|Abstract : || |
Fast Radio Bursts (FRBs) are millisecond-timescale radio transients originating from cosmological distances (~Gpc) that have been discovered a little more than a decade ago. At these distances, they have to be a trillion times more luminous than the brightest radio pulses observed from Galactic pulsars. The engine and emission mechanism that can produce such luminosities is still unknown despite ~80 different theories. Over the past few years, the Canadian Hydrogen Intensity Mapping Experiment (CHIME) FRB backend has detected hundreds of FRBs including a dozen repeating FRBs and a few of the nearest FRB sources. The repeating nature of these FRBs, allows for precise localization with radio interferometers and a detailed study of their environment and nature with multi-wavelength observations. I will introduce the broad questions about the nature of FRBs and their promise as tools for cosmology. I will discuss recent results from the CHIME/FRB backend and the inferences that we can draw about the origins of FRBs. Apart from radio observations, I will discuss X-ray and optical studies of FRB locations and the search for prompt counterparts of FRBs. I will finish by discussing the ongoing efforts of the CHIME/FRB collaboration to build outrigger telescopes for FRB localization and indigenous plans for identifying the brightest and rarest FRBs using a ultra-wide field of view telescope.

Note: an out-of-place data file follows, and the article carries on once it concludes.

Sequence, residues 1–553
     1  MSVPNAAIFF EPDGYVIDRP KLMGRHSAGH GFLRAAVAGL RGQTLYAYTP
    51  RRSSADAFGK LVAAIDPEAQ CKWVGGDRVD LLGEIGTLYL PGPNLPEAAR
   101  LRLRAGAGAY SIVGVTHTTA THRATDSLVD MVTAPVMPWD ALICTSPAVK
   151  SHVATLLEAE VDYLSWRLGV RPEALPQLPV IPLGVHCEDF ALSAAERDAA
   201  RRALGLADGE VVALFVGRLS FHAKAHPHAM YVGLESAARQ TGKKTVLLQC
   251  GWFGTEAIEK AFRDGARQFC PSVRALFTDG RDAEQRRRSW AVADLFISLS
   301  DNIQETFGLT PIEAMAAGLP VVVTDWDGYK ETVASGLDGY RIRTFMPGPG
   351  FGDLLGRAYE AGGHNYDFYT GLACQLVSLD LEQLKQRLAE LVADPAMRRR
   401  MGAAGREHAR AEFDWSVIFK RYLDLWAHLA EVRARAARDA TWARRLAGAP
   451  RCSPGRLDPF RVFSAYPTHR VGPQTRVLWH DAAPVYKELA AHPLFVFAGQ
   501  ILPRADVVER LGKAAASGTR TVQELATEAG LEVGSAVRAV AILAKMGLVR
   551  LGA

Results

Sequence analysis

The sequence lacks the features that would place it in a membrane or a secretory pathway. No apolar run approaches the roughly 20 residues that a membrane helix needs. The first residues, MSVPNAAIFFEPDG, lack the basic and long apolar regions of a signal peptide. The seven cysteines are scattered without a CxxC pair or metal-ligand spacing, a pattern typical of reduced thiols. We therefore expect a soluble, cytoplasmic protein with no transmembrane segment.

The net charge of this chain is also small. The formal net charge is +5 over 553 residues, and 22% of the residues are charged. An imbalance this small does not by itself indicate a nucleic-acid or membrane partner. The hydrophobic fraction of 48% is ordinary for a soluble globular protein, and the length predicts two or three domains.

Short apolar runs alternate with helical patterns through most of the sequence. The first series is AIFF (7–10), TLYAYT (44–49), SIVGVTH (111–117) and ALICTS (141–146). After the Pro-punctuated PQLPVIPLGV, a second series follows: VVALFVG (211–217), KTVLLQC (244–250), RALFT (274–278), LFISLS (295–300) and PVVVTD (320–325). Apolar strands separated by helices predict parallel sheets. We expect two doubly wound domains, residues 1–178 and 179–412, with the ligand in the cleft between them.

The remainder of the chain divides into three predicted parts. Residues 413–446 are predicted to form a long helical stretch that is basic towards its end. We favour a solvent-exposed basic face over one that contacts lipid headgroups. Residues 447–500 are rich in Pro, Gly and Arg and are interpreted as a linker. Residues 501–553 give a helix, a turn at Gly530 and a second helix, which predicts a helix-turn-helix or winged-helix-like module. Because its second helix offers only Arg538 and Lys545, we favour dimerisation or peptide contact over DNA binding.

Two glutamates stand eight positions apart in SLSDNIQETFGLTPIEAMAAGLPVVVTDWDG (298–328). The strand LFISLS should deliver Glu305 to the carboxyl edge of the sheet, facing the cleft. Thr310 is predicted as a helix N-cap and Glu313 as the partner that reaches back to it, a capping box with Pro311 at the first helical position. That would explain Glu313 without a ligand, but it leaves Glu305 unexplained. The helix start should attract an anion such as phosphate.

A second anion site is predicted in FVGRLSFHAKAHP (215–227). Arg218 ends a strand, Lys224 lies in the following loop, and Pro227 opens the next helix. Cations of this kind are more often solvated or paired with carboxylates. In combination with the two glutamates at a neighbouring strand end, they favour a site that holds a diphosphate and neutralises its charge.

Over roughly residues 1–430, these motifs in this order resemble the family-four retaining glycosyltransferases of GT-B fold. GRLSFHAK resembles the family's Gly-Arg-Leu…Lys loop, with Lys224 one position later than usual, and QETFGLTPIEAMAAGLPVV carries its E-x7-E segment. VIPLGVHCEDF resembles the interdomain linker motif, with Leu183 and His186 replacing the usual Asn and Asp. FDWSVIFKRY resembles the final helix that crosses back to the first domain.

|About Speaker : || |
Shriharsh Tendulkar obtained his B. Tech. in Engineering Physics from IIT Bombay (2008), and his M.S. (2010) and Ph.D. (2014) in Astrophysics from the California Institute of Technology. After post-doctoral stints at the California Institute of Technology and McGill University, he joined the Tata Institute of Fundamental Research and the National Centre for Radio Astrophysics as a Reader in October 2020.